June 10, 2021

In Checking the President’s Sanctions Power, a June 2021 report published by the Brennan Center for Justice, Andrew Boyle addresses many of the problems stemming from the International Emergency Economic Powers Act (IEEPA), the legal underpinning for a wide range of U.S. sanctions that have serious consequences for humanitarian organizations, peacebuilders and other nonprofits. Its recommendations to Congress include proposals the Charity & Security Network sent to the new Congress and Administration in early 2021 that would provide better safeguards for nonprofits working in global hot spots and improve the Office of Foreign Asset Control’s licensing system.

The report begins with a look at the origins and legislative history of IEEPA, tying it back to the Trading With the Enemy Act (TWEA) of 1917, which passed at the onset of WWI. In 1933, an amendment expanded the scope of TWEA beyond its wartime origins to include national emergencies declared by the president. Despite growing concern over the course of the 20th century around expansive emergency powers granted to the president, Congress has been hesitant to curb some of these powers.

After detailing this history, the report examines how sanctions are implemented under the law, and details specific problems associated with these sanctions, from the use of IEEPA in non-emergencies, to its use against U.S. persons and entities (including charities) and the accompanying infringements on constitutional protections. It describes the devastating impacts IEEPA sanctions often have on humanitarian programs, among other concerns.

Then it recommends legislative proposals to reform IEEPA. Specifically, it calls on Congress to:

  • Address licensing issues including a lack of transparency, significant delays, and curbs on legal representation for targets of sanctions
  • Protect the rights of U.S. persons and entities (including charities) by eliminating the power to freeze assets “pending investigation,” ensuring access to necessities, requiring warrants for seizures, protecting due process rights, and allowing for judicial review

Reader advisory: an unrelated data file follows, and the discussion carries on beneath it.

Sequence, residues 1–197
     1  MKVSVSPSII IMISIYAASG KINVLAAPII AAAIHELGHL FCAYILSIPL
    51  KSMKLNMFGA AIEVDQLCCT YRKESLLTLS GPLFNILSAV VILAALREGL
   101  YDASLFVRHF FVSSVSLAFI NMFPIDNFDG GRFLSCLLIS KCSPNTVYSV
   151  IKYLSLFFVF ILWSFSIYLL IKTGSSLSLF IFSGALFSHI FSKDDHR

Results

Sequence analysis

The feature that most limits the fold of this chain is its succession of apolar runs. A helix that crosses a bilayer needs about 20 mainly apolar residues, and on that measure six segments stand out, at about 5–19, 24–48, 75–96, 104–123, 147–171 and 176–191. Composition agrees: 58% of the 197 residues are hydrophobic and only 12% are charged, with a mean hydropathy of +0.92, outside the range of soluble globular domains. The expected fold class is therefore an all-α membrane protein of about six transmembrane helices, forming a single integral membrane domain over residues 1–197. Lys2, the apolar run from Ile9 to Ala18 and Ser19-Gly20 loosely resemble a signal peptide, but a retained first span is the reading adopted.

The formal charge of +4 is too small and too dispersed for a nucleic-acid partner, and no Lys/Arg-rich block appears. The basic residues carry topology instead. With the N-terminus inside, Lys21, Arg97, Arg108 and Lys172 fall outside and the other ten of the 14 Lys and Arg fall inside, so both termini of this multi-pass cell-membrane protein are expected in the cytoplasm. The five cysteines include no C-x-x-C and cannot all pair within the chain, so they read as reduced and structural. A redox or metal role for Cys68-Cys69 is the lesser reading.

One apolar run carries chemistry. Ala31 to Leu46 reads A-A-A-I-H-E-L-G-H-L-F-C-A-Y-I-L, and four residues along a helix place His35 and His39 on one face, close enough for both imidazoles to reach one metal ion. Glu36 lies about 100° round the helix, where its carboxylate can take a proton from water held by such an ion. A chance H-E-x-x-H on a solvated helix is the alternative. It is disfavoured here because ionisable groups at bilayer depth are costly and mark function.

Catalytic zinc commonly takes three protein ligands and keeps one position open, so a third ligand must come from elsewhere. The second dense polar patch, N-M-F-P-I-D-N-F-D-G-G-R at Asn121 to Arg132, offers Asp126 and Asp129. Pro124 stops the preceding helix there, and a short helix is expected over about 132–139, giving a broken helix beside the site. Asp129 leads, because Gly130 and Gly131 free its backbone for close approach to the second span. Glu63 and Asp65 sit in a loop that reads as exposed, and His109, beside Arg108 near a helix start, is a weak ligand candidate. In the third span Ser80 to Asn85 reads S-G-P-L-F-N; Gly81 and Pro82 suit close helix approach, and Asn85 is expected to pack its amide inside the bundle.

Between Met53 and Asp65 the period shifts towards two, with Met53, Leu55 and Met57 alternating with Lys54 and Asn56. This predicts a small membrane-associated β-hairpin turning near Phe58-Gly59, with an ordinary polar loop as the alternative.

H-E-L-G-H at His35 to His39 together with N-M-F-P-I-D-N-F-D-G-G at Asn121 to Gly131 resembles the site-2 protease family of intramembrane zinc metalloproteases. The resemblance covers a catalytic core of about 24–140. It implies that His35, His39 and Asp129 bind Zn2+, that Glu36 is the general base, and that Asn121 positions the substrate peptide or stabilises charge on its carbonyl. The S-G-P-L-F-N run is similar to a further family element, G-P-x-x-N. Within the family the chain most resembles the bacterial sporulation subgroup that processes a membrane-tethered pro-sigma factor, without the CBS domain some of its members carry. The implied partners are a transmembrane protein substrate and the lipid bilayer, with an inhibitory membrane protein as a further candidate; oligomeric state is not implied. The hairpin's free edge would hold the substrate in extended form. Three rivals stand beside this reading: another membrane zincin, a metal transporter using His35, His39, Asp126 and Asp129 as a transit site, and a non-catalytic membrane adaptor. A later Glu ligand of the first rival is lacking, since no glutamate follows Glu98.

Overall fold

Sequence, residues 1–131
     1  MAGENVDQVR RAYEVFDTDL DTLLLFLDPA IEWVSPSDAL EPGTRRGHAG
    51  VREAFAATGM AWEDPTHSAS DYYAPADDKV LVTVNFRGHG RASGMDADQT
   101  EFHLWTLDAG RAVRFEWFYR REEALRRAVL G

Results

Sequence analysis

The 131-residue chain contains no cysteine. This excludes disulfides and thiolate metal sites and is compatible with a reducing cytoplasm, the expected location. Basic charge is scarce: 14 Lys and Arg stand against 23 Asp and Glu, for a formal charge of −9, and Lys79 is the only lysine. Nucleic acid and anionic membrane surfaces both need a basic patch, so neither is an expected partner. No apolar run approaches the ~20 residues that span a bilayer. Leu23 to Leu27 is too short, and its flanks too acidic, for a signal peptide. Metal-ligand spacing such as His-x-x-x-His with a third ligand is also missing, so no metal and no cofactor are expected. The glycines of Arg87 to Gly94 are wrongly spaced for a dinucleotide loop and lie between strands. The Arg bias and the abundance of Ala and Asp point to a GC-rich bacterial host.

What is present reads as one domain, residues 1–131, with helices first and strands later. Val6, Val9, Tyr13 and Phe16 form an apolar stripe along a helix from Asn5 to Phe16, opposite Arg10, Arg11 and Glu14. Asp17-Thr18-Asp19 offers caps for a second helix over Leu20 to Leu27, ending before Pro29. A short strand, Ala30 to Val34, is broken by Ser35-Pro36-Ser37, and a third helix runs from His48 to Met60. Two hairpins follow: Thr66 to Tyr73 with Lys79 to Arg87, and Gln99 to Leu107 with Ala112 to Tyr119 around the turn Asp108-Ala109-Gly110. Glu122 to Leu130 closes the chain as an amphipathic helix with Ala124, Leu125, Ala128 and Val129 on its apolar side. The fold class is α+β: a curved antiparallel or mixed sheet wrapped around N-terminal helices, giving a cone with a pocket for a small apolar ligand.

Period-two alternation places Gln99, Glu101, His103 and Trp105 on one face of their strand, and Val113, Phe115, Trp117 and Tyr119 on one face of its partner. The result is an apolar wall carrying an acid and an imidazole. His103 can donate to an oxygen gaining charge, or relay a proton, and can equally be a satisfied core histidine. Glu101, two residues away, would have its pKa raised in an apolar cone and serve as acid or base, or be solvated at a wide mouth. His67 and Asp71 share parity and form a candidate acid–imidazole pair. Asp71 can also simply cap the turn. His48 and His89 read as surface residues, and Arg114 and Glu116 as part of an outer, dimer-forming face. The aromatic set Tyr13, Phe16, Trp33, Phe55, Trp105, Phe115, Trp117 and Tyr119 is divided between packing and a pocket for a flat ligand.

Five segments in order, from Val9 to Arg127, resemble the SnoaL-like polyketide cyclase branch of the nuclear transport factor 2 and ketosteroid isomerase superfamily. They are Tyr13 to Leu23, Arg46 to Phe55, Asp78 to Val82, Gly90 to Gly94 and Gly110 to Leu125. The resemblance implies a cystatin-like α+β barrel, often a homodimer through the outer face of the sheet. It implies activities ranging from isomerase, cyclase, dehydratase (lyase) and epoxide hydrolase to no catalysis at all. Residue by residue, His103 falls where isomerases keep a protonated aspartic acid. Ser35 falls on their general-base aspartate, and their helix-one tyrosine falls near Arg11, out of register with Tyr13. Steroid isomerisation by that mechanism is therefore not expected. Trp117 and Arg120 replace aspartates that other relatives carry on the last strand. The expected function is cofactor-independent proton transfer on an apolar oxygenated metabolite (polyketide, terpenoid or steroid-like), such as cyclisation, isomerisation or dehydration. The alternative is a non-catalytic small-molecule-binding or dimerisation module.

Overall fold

• Enhance humanitarian aid protections by strengthening the humanitarian exemption in IEEPA and ending the strict liability standard for humanitarian programs
  • Remove certain IEEPA powers that allow its use to impose tariffs, its use to sidestep congressional authority, and its use to sanction the United Nations or its programs
  • Address licensing issues including a lack of transparency, significant delays, and curbs on legal representation for targets of sanctions
  • Clarify the exemption for informational material to ensure that it only limits informational material specifically excluded from the exemption
  • Enhance oversight and transparency by establishing new reporting requirements and requiring notice-and-comment procedures so that stakeholders can raise any concerns that may have been overlooked
  • Remove IEEPA from the National Emergencies Act framework
  • Require congressional approval to invoke or renew IEEPA sanctions
  • Strengthen IEEPA’s focus on foreign persons and entities

The report concludes by acknowledging the good intentions of IEEPA, but highlighting the need for reform to ensure it lives up to those intentions, and to prevent the misuse or abuse of emergency economic powers enshrined in IEEPA.

Read the full report here.